Comedian O’Neal McKnight met his future wife, L.A.-based stylist Miriam Sternoff, in an elevator on his way to P.Diddy’s office ten years ago—but it wasn’t quite love at first sight.
“What immediately went through my brain was, Oh, he’s definitely batting for the other team,” admits Sternoff.
Years later—and now deeply in love—the two are married and starring in Kosher Soul, a show that chronicles their interracial, interfaith relationship and eventual nuptials. The road to marriage for Sternoff, a Jew, and McKnight, her southern-bred husband, is wildly entertaining and full of love and affection. Here, the couple talks about overcoming cultural barriers and McKnight’s conversion to Judaism.
What inspired you to start filming?
O’Neal: When I was living in New York, I was living on the Upper East Side and we were just watching an array of reality shows—Keeping Up with the Kardashians, Jersey Shore—and it was cool, but I thought, Where’s that story that we can identify and relate to that resembles us? I remember mentioning to Miriam, “You know what? We should do a show—Kosher Soul! You’re the Kosher part and I’m the Soul part and they should follow our journey, follow our life and follow me potentially converting to Judaism.” At the time, me converting was still very early on in our relationship, but it was something I wanted to do and Miriam encouraged me.
Speaking of converting to Judaism, what was that process like for you?
O’Neal: I grew up in South Carolina and it was Bible-ville. I’m from a place where there’s a lot of “Hallelujah. Thank you, Jesus.” After moving to New York City, I was in a cultural pot of just different things and different cultures and people and I started to migrate towards Judaism at a very early age. After moving, it was definitely something I started to lean towards even more, and the process for me has been therapy. It has been a spiritual awakening for me. I really feel like I’m finally in the skin I want to be in so to speak. I feel like I finally found a suit that is tailor made just for me within Judaism and the process has just been truly amazing. Some moments watching the show, you’ll see me get very emotional and even start crying because my connection to Judaism is really beyond myself.
Miriam: It was about a yearlong process so he went into such depths about learning about Judaism and obviously going through with the conversion, but it’s a really long process. He has really stuck to his guns.
O’Neal: It was an emotional roller coaster because, like I said, I’m from Bible-ville. I’m from the south. My family is Christian and they know nothing about Judaism. We didn’t grow up around Jews. There wasn’t a huge Jewish community where I’m from, so it was very foreign for my family. For them to see my transformation, I think it was a huge concern whether I was going to become something that they didn’t recognize.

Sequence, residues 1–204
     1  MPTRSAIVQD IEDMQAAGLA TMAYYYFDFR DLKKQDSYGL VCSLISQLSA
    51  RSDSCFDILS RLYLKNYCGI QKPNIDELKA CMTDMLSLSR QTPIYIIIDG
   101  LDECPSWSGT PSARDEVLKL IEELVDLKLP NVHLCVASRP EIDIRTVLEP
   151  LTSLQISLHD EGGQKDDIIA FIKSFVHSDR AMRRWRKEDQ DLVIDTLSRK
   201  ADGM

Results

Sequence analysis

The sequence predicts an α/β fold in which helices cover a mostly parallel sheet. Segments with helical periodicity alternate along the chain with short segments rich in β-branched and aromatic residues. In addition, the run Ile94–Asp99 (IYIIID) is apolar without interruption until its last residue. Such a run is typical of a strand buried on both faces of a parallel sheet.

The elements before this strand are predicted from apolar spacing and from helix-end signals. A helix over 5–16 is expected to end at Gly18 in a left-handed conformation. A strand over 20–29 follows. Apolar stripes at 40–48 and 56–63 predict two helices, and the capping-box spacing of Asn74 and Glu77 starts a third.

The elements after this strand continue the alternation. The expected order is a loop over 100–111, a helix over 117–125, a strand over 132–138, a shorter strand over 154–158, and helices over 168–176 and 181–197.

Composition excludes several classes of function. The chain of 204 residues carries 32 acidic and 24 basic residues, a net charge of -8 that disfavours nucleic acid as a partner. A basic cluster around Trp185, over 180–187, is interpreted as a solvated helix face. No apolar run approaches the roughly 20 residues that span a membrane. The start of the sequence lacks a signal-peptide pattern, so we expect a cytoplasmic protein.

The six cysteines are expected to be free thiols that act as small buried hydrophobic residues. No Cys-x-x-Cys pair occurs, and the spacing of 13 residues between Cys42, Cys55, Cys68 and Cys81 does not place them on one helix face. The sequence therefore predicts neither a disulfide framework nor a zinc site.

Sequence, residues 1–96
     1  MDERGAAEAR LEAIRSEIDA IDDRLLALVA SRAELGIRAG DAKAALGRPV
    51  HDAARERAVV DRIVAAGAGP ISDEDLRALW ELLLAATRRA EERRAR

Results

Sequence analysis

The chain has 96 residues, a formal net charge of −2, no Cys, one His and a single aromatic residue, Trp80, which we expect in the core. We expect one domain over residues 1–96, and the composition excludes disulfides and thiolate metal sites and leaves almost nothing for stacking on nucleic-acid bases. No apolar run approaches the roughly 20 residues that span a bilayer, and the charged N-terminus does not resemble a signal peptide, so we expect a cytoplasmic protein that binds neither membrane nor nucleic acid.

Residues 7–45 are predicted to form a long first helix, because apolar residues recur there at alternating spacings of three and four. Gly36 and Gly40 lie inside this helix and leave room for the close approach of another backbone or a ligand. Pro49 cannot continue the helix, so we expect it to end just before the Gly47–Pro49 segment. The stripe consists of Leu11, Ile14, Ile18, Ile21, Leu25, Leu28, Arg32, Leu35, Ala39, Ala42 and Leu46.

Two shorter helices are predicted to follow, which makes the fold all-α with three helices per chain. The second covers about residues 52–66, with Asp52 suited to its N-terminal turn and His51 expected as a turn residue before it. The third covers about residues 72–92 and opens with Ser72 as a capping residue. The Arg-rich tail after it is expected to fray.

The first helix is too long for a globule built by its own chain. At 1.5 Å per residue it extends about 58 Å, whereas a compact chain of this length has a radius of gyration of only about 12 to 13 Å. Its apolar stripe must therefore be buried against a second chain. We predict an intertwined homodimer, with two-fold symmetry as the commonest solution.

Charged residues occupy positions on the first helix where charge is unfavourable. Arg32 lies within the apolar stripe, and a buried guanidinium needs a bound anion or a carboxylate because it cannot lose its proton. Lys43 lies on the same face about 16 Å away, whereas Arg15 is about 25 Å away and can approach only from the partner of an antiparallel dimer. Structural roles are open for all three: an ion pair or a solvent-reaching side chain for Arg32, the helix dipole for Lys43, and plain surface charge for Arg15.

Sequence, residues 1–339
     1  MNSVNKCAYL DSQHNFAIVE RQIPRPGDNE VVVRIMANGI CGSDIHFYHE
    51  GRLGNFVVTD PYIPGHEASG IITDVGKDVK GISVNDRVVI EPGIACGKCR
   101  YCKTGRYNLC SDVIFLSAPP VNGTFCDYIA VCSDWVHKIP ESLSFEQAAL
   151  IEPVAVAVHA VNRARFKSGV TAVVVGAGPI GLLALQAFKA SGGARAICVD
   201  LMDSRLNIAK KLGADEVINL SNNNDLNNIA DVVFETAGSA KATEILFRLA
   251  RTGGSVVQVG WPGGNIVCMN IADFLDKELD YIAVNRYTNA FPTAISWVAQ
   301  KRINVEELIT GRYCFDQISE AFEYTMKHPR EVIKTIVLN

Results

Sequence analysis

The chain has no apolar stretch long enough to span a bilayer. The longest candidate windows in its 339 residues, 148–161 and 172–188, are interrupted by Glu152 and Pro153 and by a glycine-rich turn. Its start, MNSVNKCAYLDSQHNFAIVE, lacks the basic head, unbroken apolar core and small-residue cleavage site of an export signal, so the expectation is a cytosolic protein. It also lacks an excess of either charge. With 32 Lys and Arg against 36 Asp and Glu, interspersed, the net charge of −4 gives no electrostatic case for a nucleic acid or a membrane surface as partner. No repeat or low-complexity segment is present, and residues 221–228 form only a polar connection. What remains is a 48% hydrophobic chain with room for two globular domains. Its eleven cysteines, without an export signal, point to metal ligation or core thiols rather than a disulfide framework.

What do you want others to learn from your relationship?
O’Neal: I want people to realize while watching this show that two people from two totally different worlds can come together, fall in love and at first glance you would think that we had nothing in common. It’s our differences that make us very similar, and yet we have so much in common. We live in L.A. and we have a lot of very diverse group of friends. A lot of people have been brought up or raised through religion or even raised to think that their significant other or the love of their life should be like them. Our show and our relationship is a testament that when girls say, “Oh my god, it is so hard to find a guy in New York City” or “It is so hard to find a guy in Los Angeles” —well maybe you should step out of your comfort zone and maybe he’s not white, maybe he’s not Jewish, maybe he’s not Asian, maybe he’s something totally different. That’s what this show is about, opening your eyes and embracing the beauty in difference.
What can viewers expect this season?
Miriam: Obviously we’re talking about the cultural clashes of being in an interracial relationship. They’re also going to learn something along the way, especially about Judaism and what it’s like to be in an interfaith relationship, but not in a preachy way.
What are you most looking forward to in the future?
O’Neal: Yes, yes! We are looking forward to some little interracial hybrid versions of ourselves running around. I cannot wait to have a little girl run up to me with Miriam’s face saying she wants some candy, and I’m saying she shouldn’t but she just looks at me with that look and I’m feeding her M&Ms.
Miriam: And you want to go get mani’s and pedi’s as well.
O’Neal: Yeah. My biggest fear is that we’re going to have a bunch of boys, and I’m so not the man’s man. I don’t care about sports; I care more about fashion and getting a manicure and pedicure and a good facial. You know it’s always good to exfoliate. I’m just afraid that the Gods are going to say, “Ok, you know what, we’re going to give you two athletic boys who want to play baseball and football,” and I’m going to be sitting there like, Oh my gosh. I much rather be at the mall with my daughter.
Main photograph shot by Richard Knapp